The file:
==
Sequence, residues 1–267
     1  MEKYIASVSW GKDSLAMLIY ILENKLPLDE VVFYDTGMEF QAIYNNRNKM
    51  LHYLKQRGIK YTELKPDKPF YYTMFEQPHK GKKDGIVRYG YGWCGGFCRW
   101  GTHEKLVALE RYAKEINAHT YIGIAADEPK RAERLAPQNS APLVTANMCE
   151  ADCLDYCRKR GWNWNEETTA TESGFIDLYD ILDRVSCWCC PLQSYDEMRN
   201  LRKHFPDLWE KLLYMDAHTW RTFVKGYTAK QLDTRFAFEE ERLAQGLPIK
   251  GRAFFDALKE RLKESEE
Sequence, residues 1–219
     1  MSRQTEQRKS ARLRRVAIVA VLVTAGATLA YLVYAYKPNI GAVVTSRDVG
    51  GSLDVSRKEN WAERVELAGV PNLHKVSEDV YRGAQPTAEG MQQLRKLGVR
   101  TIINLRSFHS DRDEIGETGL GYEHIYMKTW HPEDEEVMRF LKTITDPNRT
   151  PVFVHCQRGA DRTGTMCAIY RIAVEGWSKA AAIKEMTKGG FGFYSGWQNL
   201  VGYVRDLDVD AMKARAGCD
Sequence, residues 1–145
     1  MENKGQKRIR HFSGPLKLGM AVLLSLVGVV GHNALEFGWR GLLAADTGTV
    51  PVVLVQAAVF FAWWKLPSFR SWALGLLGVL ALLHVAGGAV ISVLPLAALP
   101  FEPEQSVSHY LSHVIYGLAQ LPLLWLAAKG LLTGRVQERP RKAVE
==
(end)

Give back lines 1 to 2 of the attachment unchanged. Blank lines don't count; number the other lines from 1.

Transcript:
Sequence, residues 1–267
     1  MEKYIASVSW GKDSLAMLIY ILENKLPLDE VVFYDTGMEF QAIYNNRNKM